All this talk of schism makes me feel like I’m losing my spiritual compass. Maybe it’s a good time to post something about spirituality~not just my own, but teenagers too. This posting about teen spirituality is for parents, god-parents, and anyone who ever witnessed a baptism and promised to support the newly baptized in their life in Christ:
As a young child my father told me, no, ordered me, to take some time to be
by myself. His demand both perplexed and angered me. What
was I supposed to do? I thought I was with myself all the time! In fact, so
much so that most times I wanted to crawl out of my skin. Daytime was time to talk
with friends, do homework, and play. But I usually gave in and dragged my feet to the hammock in our backyard, alone.
Laying in the gentle rocking of the hammock and staring up into the canopy
of leaves above, I soon forgot my anger and I began to notice the warm rays of sun making their way through
the leaves. Their warmth opened my heart and I listened to a voice. I listened to its
goodness and love.
father wanted me to know myself and God. And like many adults, my father
believed prayer, or quiet time, was the way to do that. His sensibility was not uninformed. He grew
up in a Southern Baptist Church where Sunday, the Sabbath Day, was reserved for
prayer. No dancing, playing music, playing cards, or any of that fun stuff. My
father knew from the Bible about the many times Jesus withdrew from the crowds
to be alone and talk with God—after his baptism, after feeding the
five-thousand, before his arrest.
prayer isn’t just silence or solitary activity. It isn’t just polite
petitions. It is honest conversation. Miriam sang and danced in prayer after
crossing the Red Sea. Hannah wept in prayer for a son.
The psalmists yelled angrily to God. And Abraham dared to negotiate. These
prayers don’t fit our modern sensibility of quiet, polite prayer. But true
conversation demands honesty.
often hear about Jesus has having led a life of unceasing prayer. Jesus spent
much of his time ministering among people, studying, fasting, celebrating,
worshiping, and just enjoying the company of his friends. These, too, were
times of prayer. Unceasing prayer is acknowledging God’s presence in all that
we do. It’s living our lives in a close relationship with God.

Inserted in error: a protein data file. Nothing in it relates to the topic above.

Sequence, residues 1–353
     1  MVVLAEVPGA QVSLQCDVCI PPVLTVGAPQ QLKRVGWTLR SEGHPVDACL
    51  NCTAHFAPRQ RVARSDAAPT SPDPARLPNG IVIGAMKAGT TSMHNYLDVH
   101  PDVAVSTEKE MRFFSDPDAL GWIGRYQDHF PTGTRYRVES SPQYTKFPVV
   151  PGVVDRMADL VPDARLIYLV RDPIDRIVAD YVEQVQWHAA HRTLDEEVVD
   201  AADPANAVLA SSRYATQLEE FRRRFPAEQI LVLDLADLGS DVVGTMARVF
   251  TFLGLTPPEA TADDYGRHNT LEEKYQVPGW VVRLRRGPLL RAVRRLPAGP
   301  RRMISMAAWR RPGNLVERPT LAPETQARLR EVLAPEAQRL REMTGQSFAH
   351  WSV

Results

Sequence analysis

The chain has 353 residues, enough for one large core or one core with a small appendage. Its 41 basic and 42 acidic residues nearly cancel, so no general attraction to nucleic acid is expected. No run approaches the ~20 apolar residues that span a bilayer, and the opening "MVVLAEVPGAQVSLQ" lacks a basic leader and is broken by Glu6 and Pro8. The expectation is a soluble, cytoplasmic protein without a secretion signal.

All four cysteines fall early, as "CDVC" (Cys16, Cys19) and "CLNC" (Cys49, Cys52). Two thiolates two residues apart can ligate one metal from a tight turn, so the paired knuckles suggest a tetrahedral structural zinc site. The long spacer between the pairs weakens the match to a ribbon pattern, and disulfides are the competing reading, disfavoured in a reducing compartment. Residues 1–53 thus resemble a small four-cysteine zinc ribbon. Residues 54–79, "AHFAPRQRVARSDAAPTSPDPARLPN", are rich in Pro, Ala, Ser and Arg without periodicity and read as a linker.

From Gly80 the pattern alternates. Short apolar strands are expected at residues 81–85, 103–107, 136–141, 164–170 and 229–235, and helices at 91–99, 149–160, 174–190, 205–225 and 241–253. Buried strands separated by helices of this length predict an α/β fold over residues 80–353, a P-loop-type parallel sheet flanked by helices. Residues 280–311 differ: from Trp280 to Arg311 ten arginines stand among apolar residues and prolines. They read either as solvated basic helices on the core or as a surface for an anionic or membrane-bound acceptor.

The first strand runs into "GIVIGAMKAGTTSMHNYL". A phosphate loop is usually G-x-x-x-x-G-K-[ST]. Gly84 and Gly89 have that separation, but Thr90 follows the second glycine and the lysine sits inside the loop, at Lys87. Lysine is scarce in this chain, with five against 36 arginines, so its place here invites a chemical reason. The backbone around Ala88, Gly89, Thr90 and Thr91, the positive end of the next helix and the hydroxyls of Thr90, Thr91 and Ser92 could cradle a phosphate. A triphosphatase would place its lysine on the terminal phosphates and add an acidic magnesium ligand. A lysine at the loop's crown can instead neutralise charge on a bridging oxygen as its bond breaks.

whole life, too, can be a prayer. I think I knew that especially well as a
child. No wonder: we’re created by God, so it’s only natural that we yearn for
a relationship with God. Our God loves us deeply and is constantly calling us
closer. Children and teenagers know that same yearning. But do adults recognize
and name it or dismiss it? How many times have you scolded your teen for doodling
or daydreaming when you thought they should be doing homework? Perhaps they
were thinking about what life is all about. How many times do you complain
about their “IM-ing” or talking on the phone with friends? Perhaps they are
helping a friend, finding Christ in community. Does your teenager jack the
volume up high on his stereo? Perhaps he’s clearing his mind of the noise of
the world. Believe it or not, sometimes through the blaring music, comes the
still small voice of God. (It is also true that blaring music can be just blaring noise to help you avoid
that still small voice.) Or maybe, like the psalmist, he’s expressing anger to
Christian Smith’s four-year study of religion and teenagers tells us that
teenagers know themselves as spiritual people. But they have difficulty articulating
their faith. I wonder whether it’s because we don’t recognize and honor the
spiritual disciplines they are called to by God, and already practice
invite you to look with your teenager at what brings them joy, what they do
when faced with a challenge, and what they do to focus their minds. Explore the
things they already enjoy doing and talk about how they may be spiritual
practices. Their practice may be drawing, celebrating with friends, running,
journaling, breathing deeply in a quiet place, or listening to music.
Recognizing and honoring your teenager’s innate spirituality will help them recognize
the many ways that God talks with them and how they can talk with God. It will
help them turn what is natural into an intentional practice—a purposeful habit—that
will keep them in dialogue with God.
brings your teenagers closer to God? It might just be swinging in a hammock on
a sunny afternoon or squirreling away in their room, music blasting.
This posting is based on a chapter on prayer in her new book for teenagers, My Faith, My Life: A Teen’s Guide to the
Episcopal Church, published by Morehouse Publishing. See http://www.myfaithmylife.org to order.